Greco-Roman Wrestling in the 2012 Summer Olympic Games
If you’re anticipating the Greco-Roman wrestling matches of the 2012 London Olympic Games to provide the type of spectacle that you find in professional wrestling matches in the United States, you might want to adjust your thinking. If U.S.-style “pro wrestling” makes you think of The Dirty Yellow Dog, Hulk Hogan, or even Kelly Kelly, you might be disappointed to find very little trash talking going on.
Olympic Greco-Roman wrestling is a highly technical combat sport in which athletes must exhibit much more than physical strength. They must follow regulations regarding the types of holds that are allowed and be able to react quickly to their opponent’s moves in order to avoid being pinned. And they must practice some strategy to come out “on top.”
One of the oldest sports, Greco-Roman (also spelled Graeco-Roman) wrestling was part of the first-ever Olympic Games, the first modern Games in 1896, and a feature of the Summer Olympics since 1908. In the 2012 London Summer Olympics, wrestlers will compete in seven medal events at one of the arenas in the ExCel London venue. Each country can enter only one athlete in each weight class.
The Olympics features two wrestling styles:
Greco-Roman: Athletes may use their upper bodies and arms only.
Freestyle: Athletes can use their entire bodies.
Women will compete in wrestling at the Olympic Games as well, but not in the Greco-Roman events. Women compete in freestyle events only.
The following table provides a list of the Greco-Roman events and the dates on which they are competed. Each event has a qualifications round, a round of 16, quarter-finals, semi-finals, and a bronze medal round.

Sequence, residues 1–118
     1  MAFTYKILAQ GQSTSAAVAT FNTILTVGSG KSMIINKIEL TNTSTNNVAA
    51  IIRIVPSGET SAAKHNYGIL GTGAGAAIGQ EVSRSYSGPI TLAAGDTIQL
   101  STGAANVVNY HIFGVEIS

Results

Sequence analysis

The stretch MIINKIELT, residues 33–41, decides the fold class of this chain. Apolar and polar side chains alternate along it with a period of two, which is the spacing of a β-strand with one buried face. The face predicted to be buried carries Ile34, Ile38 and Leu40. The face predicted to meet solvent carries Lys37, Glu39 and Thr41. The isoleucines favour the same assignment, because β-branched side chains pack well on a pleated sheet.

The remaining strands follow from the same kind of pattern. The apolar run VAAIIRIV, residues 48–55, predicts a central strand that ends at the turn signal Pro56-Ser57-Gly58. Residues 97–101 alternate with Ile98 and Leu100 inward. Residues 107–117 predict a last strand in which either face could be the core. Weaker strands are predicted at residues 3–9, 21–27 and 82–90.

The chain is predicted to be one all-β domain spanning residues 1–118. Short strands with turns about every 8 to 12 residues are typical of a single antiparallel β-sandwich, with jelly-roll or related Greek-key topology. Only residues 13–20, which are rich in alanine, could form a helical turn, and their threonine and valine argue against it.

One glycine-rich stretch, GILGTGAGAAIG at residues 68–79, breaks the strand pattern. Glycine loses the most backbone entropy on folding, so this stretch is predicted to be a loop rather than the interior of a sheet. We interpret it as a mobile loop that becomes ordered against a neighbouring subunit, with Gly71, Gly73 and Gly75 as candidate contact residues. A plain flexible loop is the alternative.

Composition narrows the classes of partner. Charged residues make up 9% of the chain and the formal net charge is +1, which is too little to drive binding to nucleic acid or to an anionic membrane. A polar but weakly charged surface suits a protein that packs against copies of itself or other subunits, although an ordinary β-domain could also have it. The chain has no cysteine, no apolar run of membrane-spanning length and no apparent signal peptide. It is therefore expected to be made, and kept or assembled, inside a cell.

|55 kilogram Greco-Roman||Aug. 5|
|60 kilogram Greco-Roman||Aug. 6|
|66 kilogram Greco-Roman||Aug. 7|
|74 kilogram Greco-Roman||Aug. 5|
|84 kilogram Greco-Roman||Aug. 6|
|96 kilogram Greco-Roman||Aug. 7|
|120 kilogram Greco-Roman||Aug. 6|
Here’s a look at what happens during an Olympic Greco-Roman wrestling match (or bout):
What wrestlers do: Wrestlers meet each other within a 9-meter circle centered within an octagonal 12-meter x 12-meter mat and try to force their opponent’s shoulders to the mat.
How long it lasts: Each bout consists of up to three periods; each period lasts for no more than two minutes, and a 30-second break is taken between periods.
Scoring and winning: To win a period, an athlete must perform a grand amplitude hold, which is worth five points; score two holds worth three points; or gain a six-point lead over their opponent. Wrestlers who win two periods win the bout. Obviously, the third period is not needed if a wrestler wins the first two periods. Wrestlers can win a bout by pinning his opponent.
A pin, a fall, or pinning an opponent, results when a wrestler forces both of his opponent’s shoulders to the mat long enough for the referee, the judge, and the mat chairman to reach an agreement that the wrestler is pinned and “controlled.” This is somewhere between 0.5 and 2 seconds.
Because a Greco-Roman wrestler cannot use his legs, he must rely more on throws than his freestyle counterpart. Without using his legs, he is unable to trip an opponent or hook his legs. Athletes cannot use their legs for defense either and must wrestle from standing without resting the top of his dead against an opponent’s chest. (This is illegal contact.)
To find out more information about Greco-Roman wrestling, see the sport’s governing body, the International Federation of Associated Wrestling Styles (FILA).